To keep myself from getting depressed, I've been thinking of things I can do to prepare for next summer, and there's actually quite a few things you can do.
1) Try out potential recipes. Whether this means dehydrating something and seeing how well it comes back, or pulling out the camp stove in the back yard and seeing how easy it is to prepare a particular recipe with limited tools and space, winter is a great time to test drive a meal that you'd like to add to your camping menu. Sometimes a recipe that you think would be easy to make at camp, is either a lot more work than you thought, or it just doesn't come together right on a less precise stove. Things I've made at home that were simple, burned in seconds on the lowest setting of our camp stove, or boiled over on the lowest setting because I don't take big pots with me when camping. It's always better to find out something won't work when you can easily find another dinner option (or head to the drive-thru.) Also, I've made recipes that worked out well at camp, but the cleanup was a nightmare! I'd rather not be scrubbing scalloped potato goo off a pot for twenty minutes, so over the winter, I might experiment with making them in a foil pan on the barbeque. Red River cereal is another one that is easy to make at camp, but by the time we're finished eating, the seeds have cooled and hardened, stuck like glue to the pot. I never remember to dump hot water in as soon as I dish it up so it can soak while we eat.
2) Stock up on camping foods you know you'll use. I'll write another post on some of the things I'm going to watch for sales on. The more camp-friendly things you have on hand, the easier it is to head out or a last minute trip. If you have to head to a store and buy all your food, or spend two days dehydrating things, you could miss out on a great one or two night trip.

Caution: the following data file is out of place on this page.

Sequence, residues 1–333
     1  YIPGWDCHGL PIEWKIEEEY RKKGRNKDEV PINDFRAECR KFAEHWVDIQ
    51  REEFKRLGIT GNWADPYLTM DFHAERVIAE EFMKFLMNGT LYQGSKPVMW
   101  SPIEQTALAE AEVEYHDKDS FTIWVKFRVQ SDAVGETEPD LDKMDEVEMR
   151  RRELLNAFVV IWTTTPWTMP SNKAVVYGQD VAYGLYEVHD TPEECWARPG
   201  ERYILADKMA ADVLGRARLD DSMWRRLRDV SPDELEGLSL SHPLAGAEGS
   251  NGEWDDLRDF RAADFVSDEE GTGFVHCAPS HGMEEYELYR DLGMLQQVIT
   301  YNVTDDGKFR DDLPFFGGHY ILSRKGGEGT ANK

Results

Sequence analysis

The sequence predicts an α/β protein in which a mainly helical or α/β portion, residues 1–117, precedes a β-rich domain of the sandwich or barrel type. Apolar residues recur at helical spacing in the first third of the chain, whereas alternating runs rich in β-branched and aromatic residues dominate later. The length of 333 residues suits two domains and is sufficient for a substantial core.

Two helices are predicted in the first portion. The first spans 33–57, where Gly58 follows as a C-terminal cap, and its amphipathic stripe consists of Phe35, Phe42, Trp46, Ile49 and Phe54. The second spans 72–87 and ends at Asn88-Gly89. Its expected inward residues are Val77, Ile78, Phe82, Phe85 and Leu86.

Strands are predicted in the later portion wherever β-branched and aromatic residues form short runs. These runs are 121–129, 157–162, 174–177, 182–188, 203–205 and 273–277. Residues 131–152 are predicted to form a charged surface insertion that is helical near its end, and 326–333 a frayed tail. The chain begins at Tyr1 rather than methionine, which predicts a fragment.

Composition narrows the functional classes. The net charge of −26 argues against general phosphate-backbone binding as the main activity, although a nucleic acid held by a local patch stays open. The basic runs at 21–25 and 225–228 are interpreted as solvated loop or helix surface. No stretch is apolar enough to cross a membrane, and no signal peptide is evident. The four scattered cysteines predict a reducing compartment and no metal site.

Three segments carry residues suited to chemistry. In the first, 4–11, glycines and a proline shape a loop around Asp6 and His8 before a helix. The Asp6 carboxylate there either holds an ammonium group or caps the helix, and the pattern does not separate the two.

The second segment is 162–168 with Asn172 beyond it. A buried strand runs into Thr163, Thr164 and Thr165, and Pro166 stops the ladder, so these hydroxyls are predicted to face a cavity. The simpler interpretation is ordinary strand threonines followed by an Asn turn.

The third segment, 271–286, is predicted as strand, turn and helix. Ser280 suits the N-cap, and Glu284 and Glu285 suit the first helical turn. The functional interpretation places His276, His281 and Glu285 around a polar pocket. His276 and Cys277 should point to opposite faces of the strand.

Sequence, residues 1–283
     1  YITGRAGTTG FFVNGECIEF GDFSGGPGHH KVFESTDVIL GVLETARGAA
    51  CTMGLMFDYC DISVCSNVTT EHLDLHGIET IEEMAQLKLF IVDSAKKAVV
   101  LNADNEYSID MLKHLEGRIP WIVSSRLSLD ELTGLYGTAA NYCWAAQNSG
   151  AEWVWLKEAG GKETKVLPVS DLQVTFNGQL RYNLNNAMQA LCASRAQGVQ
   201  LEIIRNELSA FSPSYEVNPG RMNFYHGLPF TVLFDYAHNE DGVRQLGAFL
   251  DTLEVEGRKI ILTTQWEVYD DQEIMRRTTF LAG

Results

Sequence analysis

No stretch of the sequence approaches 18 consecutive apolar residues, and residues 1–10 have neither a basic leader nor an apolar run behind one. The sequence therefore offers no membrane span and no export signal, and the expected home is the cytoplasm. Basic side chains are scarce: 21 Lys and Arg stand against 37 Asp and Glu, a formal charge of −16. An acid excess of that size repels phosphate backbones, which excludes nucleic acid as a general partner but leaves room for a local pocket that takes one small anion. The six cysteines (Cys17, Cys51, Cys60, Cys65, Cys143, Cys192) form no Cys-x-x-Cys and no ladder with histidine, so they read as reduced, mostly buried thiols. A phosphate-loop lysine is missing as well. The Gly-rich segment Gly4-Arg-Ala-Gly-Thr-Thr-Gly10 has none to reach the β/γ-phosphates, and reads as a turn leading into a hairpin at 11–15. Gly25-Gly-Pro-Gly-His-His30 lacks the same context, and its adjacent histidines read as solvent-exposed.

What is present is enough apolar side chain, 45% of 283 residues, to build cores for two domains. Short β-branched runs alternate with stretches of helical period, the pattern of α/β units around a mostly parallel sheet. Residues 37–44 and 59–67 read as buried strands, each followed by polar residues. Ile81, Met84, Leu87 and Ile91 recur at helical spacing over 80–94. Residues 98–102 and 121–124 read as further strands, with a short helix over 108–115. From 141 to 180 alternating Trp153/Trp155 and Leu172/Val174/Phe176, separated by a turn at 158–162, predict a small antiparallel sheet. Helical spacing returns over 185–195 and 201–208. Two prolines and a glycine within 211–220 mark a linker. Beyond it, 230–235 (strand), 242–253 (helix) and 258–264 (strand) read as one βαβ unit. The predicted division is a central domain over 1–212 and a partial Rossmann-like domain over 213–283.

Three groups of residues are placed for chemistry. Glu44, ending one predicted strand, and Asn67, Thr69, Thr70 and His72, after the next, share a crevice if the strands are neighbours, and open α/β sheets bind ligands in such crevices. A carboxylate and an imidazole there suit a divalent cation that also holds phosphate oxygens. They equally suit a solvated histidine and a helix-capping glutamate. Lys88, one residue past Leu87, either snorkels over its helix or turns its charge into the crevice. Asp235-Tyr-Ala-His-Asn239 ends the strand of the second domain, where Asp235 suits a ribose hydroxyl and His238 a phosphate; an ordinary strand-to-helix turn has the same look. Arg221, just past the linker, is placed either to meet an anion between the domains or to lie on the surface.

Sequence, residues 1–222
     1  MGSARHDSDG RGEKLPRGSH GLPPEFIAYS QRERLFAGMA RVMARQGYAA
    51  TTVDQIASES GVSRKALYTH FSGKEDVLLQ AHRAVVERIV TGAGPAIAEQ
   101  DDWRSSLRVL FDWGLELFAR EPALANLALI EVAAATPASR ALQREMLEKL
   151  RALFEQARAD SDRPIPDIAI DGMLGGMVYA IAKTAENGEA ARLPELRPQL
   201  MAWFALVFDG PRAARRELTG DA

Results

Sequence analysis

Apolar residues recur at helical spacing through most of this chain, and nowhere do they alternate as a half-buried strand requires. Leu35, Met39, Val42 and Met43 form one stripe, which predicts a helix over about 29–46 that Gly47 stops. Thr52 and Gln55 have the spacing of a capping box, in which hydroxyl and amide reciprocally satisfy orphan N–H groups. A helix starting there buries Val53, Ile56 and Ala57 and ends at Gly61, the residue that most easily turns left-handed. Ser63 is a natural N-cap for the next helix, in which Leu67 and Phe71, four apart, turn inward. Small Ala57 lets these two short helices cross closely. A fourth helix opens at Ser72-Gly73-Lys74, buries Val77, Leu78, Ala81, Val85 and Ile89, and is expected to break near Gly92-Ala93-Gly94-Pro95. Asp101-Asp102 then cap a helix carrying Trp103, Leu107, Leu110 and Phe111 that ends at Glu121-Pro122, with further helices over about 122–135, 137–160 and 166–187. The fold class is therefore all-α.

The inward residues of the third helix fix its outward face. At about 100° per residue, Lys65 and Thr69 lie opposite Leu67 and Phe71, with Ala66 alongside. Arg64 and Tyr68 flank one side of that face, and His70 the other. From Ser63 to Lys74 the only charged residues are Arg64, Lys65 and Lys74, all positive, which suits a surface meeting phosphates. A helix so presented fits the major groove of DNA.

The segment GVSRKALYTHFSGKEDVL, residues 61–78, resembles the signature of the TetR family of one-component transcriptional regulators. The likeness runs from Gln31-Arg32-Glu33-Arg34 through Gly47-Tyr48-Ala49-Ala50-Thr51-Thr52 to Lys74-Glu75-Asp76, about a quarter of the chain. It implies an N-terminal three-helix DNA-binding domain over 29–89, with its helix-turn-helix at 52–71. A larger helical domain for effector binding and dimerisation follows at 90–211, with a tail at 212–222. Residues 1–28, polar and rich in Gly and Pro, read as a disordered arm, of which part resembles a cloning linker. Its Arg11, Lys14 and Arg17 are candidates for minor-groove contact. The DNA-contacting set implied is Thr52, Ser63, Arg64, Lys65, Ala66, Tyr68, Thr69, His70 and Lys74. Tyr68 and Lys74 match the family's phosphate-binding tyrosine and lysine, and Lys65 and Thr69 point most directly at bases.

3) Treat yourself to a piece of gear you've been wanting/needing as a Christmas gift, or drop a few hints to your significant other. Even just making a "dream list" of gear you'd love is great for lifting the mood. Then, if you've got some extra money and looking to treat yourself, you've got a list already prepared.
4) Book your trips early. Few things get me as excited as knowing I've got a trip confirmed. It gives me something concrete to look forward to, and when I'm feeling the winter blues, I can do some pre-trip planning like working out a menu. Chances are I'll lose the notebook I made that menu in, but it gives me a bit of giddy-joy to do it. Also, if you've always envied the people at one awesome site, you can book it and get to experience it for yourself since Ontario Parks lets you book up to 5 months prior to your arrival date. We try to do this when we have our hearts set on a particular site, or when we are camping with others and want to ensure we get side by side sites.
5) Browse the internet for potential new locations to try out. If you've always wanted to try out a particular park or area, see if you can find someone's online trip log detailing their time there, or even better, if someone posted a video of their trip on YouTube. (I
So although it's depressing to count how many months until I can break the gear back out, I have lots of ways to keep the camping spirit alive over the winter. There's always the option of hauling your snowshoes or cross country skis out and travelling around a nearby park, and trying to see what sites are the best. I warn you, it's really hard to judge when there's a few feet of snow on the ground, but it's a good excuse to get out and get some fresh air.